Chronic shoulder instability occurs when the head of humerus (upper arm bone) either partially or completely comes out of the shoulder socket repeatedly. There are many different types of shoulder instability, but the most common cause is due to a shoulder dislocation. Once a shoulder has dislocated one time, it is at significantly increased risk for a repeat dislocation.
Causes of shoulder dislocation most commonly include: trauma, seizures and congenital conditions leading to laxity of soft tissues and hypermobility of other joints.
Shoulder Instability Terms
Caused by an event that leads to the head of the humerus (ball) coming out of the front of the socket. This is the most common type of shoulder dislocation.
Caused by an event that leads to the head of the humerus (ball) coming out of the back of the socket. These are rare, and most commonly caused by trauma, seizures or electric shock.
When the head of the humerus (ball) partially comes out of the socket, but does not completely dislocate
This is a deformity in the head of the humerus caused by a dislocation. It often times creates an indentation in the head of the humerus that can lead to further instability events.
Sometimes extensive tearing to the labrum (fibrous cartilage ring surrounding the shoulder joint) that happens after a shoulder dislocation can be a source of instability.
This is a deformity that affects the front and bottom part of the labrum as a result of a shoulder dislocation. The labrum is torn off the socket bone in this part of the shoulder. At times, a small portion of the bone can come off with the labrum.
Acute anterior shoulder dislocation:
The symptoms of an acute shoulder dislocation include visible shoulder deformity with a bony prominence at the front of the shoulder, pain, inability to move the arm, possible swelling, bruising, and/or numbness.
Repeated subluxations and/or dislocations of the shoulder joint. The sensation that the shoulder is going to pop out of place with certain arm movements
Your healthcare provider will evaluate your range of motion, measure strength, and perform special tests to help diagnose the source of your shoulder symptoms. They will use the results of their exam to determine if you need further testing (e.g. x-ray, MRI, CT scan).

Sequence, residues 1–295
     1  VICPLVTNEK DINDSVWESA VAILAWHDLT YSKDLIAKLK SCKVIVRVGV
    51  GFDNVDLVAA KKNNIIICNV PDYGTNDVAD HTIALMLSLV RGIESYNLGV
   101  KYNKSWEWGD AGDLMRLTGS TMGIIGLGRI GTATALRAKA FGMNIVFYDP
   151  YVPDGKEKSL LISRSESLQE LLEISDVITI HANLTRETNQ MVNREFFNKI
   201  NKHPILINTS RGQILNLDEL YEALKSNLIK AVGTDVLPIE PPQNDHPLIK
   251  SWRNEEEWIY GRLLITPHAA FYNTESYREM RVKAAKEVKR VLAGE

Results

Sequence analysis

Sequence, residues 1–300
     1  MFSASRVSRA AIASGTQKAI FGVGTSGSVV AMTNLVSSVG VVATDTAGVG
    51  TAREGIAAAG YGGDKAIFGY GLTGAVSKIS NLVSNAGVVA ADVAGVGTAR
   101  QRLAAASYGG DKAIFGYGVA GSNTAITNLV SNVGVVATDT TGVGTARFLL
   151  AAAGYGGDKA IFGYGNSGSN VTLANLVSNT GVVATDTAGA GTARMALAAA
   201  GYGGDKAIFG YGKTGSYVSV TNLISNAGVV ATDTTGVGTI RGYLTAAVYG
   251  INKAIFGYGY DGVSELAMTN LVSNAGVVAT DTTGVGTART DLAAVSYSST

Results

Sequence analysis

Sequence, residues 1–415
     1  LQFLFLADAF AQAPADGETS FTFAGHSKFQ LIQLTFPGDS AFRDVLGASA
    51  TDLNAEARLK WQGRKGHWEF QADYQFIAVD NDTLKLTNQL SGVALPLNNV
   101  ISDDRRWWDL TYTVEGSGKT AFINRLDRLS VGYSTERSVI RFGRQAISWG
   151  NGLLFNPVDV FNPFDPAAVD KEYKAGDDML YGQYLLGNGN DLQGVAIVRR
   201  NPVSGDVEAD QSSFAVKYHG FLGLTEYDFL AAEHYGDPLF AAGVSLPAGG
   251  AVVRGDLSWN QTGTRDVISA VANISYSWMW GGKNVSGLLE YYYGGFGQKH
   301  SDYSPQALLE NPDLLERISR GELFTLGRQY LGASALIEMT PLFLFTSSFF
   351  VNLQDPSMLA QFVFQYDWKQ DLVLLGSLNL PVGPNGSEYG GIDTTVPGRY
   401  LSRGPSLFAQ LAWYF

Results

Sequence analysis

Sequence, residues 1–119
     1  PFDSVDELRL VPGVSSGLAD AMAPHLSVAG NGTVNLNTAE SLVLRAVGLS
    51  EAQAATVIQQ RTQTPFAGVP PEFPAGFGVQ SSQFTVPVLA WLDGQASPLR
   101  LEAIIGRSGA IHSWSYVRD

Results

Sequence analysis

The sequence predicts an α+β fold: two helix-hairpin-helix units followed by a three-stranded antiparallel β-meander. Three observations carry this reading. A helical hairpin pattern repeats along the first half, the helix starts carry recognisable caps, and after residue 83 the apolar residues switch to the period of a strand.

Acute Shoulder Dislocation:
If your shoulder has dislocated and did not immediately “pop back into place”, this is an emergency that requires immediate medical attention and you should call 911. Your medical provider will attempt to reduce the shoulder joint to put the arm bone back into the socket. It is important that your shoulder is reduced as soon as possible. Once the shoulder is reduced, you will need to keep your arm in a sling for a few weeks. You may need to go to physical therapy for a few weeks followed by an evaluation with a shoulder specialist to see if you are still having any signs of instability.
Your risk of needing surgery after a first time anterior shoulder dislocation is higher if you are under the age of 30, participate in contact sports or other vigorous physical activity.
Chronic Shoulder Instability:
There are different ways to manage instability based on the severity of your symptoms, the type of instability that you have, and the length of time you have been having symptoms. Treatment often first consists of a period of shoulder immobilization followed by physical therapy to strengthen the muscles surrounding the shoulder joint. If this is not effective, you may need a shoulder stabilization surgery.
Types of Shoulder Stabilization Surgeries
This is an outpatient procedure focused on tightening your shoulder joint to prevent ongoing instability. It is based on your specific symptoms and findings on MRI. It may involve tightening the joint capsule, repairing the labrum, repairing a Bankhart deformity, and or repairing a Hill-Sachs deformity.
Anterior Bone Block with Allograft:
This is an arthroscopic procedure where a piece of donor graft is used to fill the deficit in the socket (glenoid). This procedure is most commonly done when there is significant bone loss in the front of your socket. Bone deficiency in the socket can result from a trauma, recurrent dislocations, or a congenital deformity. Filling the deficit with the bone graft acts to prevent further dislocations.
This is an open surgical procedure involving the transfer of part of your bone (the coracoid) as well as a muscle transfer to fill a bony deficit at the socket (glenoid). This procedure is most commonly done when there is significant bone loss in the front of your socket. Bone deficiency in the socket can result from a trauma, recurrent dislocations, or a congenital deformity. Filling the deficit with the coracoid bone acts to prevent further dislocations.
Open surgery to treat a posterior dislocation with a large reverse Hill-Sachs deformity. Involves the transfer of either a muscle or bone to fill the bony defect and prevent future posterior dislocations.
Ehlers-Danlos Syndrome (EDS):
This is a group of inherited disorders that affects connective tissue and among many other things can cause overly flexible joints. People with EDS are at higher risk of chronic shoulder instability. While each patient with EDS is different, shoulder instability in this population is generally best managed without surgical intervention, if possible. Surgery is an option as a last resort and is performed primarily for pain relief when non-surgical options have failed. Risk of recurrent instability after shoulder surgery in patients who have EDS is very high due to differences in connective tissue.